The bench of Judges Dr. DY Chandrachud and Ajay Rastogi of the Supreme Court of India held that Section 37 of the Architects Act 1972 does not prohibit individuals not registered under the Architects Act from undertaking the practice of architecture and its cognate activities.
The Court was hearing an appeal against the Allahabad High Court verdict where it was held that Section 37 only prohibits unregistered individuals from using the title “architect”. As a necessary adjunct of this reasoning, the High Court held that the Promotion Policy 2005, which allowed for individuals not holding a degree in architecture being appointed to the Class II post of Associate Architect, did not contravene Section 37 of the Architects Act in so far as they would be carrying out the activities of an architect. It said, “Mere nomenclature of the particular post will not in any way be said to violate the provisions of the Architects Act 1971.” Then the matter reached the Supreme Court of India.
- SC noticed that, where a plain reading of the text of the statute leads to an absurd or unreasonable meaning, the text of the statute must be construed in light of the object and purpose with which the legislature enacted the statute as a whole.
- The Court explained that the legislature chose to define an “architect” as an individual registered under the Architects Act and not as an individual practicing architecture or any cognate activities.
- Architecture undoubtedly constitutes a highly specialised profession requiring the possession of minimum educational qualifications.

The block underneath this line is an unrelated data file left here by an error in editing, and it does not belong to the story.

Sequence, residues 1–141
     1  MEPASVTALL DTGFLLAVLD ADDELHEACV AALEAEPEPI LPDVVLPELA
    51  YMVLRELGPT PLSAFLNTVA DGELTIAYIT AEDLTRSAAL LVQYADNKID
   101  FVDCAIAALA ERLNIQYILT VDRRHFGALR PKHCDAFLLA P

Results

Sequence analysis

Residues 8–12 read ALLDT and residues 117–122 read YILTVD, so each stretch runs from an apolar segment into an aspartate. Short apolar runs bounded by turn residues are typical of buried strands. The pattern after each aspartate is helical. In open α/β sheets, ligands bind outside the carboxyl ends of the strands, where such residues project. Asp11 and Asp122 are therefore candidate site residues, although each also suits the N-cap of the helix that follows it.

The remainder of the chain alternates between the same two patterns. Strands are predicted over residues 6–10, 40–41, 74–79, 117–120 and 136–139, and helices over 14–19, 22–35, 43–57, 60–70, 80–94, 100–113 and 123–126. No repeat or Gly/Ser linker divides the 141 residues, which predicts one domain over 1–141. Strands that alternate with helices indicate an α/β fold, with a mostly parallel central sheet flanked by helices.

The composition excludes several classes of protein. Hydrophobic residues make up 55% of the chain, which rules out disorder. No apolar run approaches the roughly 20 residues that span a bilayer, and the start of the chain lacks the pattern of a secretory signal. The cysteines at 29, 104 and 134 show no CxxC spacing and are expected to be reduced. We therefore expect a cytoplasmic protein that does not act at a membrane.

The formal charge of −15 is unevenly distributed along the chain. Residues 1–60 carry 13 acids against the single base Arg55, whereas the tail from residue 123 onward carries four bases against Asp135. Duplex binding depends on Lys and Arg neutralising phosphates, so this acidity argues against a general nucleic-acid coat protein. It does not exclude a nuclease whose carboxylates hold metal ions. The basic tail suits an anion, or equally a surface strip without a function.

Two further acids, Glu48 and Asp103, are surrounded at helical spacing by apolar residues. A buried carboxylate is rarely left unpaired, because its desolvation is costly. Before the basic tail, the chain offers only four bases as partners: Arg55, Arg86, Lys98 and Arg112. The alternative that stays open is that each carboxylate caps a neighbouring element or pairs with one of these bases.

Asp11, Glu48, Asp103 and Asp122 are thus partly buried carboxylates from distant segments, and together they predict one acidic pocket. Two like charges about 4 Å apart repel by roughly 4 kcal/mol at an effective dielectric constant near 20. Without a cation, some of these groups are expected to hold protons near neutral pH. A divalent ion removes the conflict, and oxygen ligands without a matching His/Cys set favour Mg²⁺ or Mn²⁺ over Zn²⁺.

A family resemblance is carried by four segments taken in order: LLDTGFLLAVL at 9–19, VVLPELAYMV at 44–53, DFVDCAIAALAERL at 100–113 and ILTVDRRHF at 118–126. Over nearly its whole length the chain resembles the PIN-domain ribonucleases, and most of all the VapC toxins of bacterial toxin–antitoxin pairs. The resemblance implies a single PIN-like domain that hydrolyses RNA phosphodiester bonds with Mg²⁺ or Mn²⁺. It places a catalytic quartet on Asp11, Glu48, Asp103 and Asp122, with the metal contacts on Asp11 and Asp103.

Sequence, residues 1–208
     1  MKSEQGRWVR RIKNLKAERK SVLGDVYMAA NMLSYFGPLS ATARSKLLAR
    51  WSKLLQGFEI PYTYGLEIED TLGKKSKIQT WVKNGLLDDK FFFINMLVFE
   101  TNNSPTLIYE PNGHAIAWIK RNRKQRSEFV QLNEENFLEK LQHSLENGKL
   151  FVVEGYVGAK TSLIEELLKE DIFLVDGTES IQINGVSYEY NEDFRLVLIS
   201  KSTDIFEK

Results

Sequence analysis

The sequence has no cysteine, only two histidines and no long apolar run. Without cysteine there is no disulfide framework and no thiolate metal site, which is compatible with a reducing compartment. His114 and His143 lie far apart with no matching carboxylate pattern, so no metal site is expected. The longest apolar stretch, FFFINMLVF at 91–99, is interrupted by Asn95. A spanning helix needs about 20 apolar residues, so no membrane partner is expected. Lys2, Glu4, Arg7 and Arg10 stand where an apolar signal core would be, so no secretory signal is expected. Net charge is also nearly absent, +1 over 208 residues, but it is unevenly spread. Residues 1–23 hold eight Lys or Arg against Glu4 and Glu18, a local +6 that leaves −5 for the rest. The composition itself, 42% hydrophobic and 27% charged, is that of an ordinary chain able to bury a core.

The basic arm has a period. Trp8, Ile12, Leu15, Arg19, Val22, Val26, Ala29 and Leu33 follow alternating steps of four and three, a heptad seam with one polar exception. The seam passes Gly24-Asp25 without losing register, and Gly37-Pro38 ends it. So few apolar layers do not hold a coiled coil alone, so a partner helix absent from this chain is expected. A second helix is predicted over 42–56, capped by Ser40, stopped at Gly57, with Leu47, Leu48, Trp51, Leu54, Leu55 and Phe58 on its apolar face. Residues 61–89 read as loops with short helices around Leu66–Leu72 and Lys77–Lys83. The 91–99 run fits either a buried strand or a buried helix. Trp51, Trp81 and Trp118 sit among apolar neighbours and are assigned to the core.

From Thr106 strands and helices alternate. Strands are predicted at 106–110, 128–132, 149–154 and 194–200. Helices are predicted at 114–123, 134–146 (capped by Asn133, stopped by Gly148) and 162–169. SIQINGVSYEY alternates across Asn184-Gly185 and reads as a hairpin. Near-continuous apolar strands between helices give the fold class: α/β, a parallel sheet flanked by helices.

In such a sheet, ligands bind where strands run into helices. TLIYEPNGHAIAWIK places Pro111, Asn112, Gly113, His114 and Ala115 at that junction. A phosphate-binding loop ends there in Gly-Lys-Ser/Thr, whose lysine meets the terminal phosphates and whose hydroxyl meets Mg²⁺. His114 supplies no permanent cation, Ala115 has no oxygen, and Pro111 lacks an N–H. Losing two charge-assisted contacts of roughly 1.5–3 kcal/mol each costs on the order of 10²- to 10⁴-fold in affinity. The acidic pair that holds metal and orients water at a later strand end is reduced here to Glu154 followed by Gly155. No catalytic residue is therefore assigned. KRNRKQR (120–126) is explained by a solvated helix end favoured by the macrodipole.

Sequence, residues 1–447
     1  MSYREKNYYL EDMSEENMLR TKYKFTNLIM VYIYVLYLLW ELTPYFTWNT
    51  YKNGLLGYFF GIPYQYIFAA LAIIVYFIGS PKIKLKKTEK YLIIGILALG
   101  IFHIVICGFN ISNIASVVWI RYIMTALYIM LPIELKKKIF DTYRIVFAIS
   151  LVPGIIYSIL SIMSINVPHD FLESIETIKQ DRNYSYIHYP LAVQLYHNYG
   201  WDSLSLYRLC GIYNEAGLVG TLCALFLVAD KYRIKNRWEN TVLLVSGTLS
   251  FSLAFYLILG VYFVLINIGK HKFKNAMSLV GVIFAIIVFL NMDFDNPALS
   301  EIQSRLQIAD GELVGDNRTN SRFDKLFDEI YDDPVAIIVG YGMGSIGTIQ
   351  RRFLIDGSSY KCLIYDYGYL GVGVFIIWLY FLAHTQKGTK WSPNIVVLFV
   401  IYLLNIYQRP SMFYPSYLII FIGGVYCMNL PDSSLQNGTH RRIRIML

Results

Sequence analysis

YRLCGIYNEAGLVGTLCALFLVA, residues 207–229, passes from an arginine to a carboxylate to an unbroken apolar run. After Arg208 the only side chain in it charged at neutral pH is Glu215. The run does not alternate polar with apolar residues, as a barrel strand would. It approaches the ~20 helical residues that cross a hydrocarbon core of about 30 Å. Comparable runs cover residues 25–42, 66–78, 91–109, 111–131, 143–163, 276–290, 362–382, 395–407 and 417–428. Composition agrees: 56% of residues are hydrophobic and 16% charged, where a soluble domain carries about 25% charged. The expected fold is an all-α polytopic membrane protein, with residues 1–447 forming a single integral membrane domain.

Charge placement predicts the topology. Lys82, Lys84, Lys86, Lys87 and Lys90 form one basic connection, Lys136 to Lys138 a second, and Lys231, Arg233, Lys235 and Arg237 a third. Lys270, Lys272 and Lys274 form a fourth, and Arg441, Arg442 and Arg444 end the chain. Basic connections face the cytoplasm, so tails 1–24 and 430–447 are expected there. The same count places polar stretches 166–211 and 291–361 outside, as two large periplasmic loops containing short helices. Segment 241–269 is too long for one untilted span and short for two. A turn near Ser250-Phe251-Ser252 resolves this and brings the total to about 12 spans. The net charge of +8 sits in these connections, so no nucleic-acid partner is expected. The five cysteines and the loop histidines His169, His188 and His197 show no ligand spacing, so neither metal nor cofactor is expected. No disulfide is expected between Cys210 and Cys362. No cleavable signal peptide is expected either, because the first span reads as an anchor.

- Architects provide a set of specialised services towards the larger goal of construction.
- Architects are not embarking on construction independently of other actors.
- By virtue of the Architects Act, anybody engaging the services of an individual calling themselves an “Architect” is assured that such an individual possesses statutorily recognised educational qualifications and is competent to complete the task at hand.
The bench of SC while holding the decision stated that, “The Statement of Objects and Reasons of the Architects Act makes it evident that the legislature was undoubtedly concerned with the risk of unqualified persons undertaking the construction of buildings leading to costly and dangerous buildings. In guarding against this risk, the legislature first set out a minimum standard of statutorily recognised qualifications to be met before an individual is designated as an architect under the Architects Act.”
The Court also added that, “In protecting the public from the risk of the second class, untrained individuals, the legislature had two options: first it could bar this second class of individuals from engaging in the profession altogether (as it had done with physicians and advocates); or alternatively it could prevent this second class of individuals from calling themselves “Architects”.
The Court, hence, held that the Statement of Objects and Reasons make it clear that the legislature chose the second option and in fact went to great lengths to clarify that choice. The legislature stated that with the passing of the legislation, it shall be unlawful for an unregistered individual to designate himself as an “architect”.
Edited by J. Madonna Jephi
Approved & Published – Sakshi Raje
- Case of Council of Architecture Appellant vs. Mr Mukesh Goyal & Ors, Civil Appeal No 1819 of 2020 (Arising out of SLP(C) No 18752 of 2014), decided by the Supreme Court of India on March 17, 2020.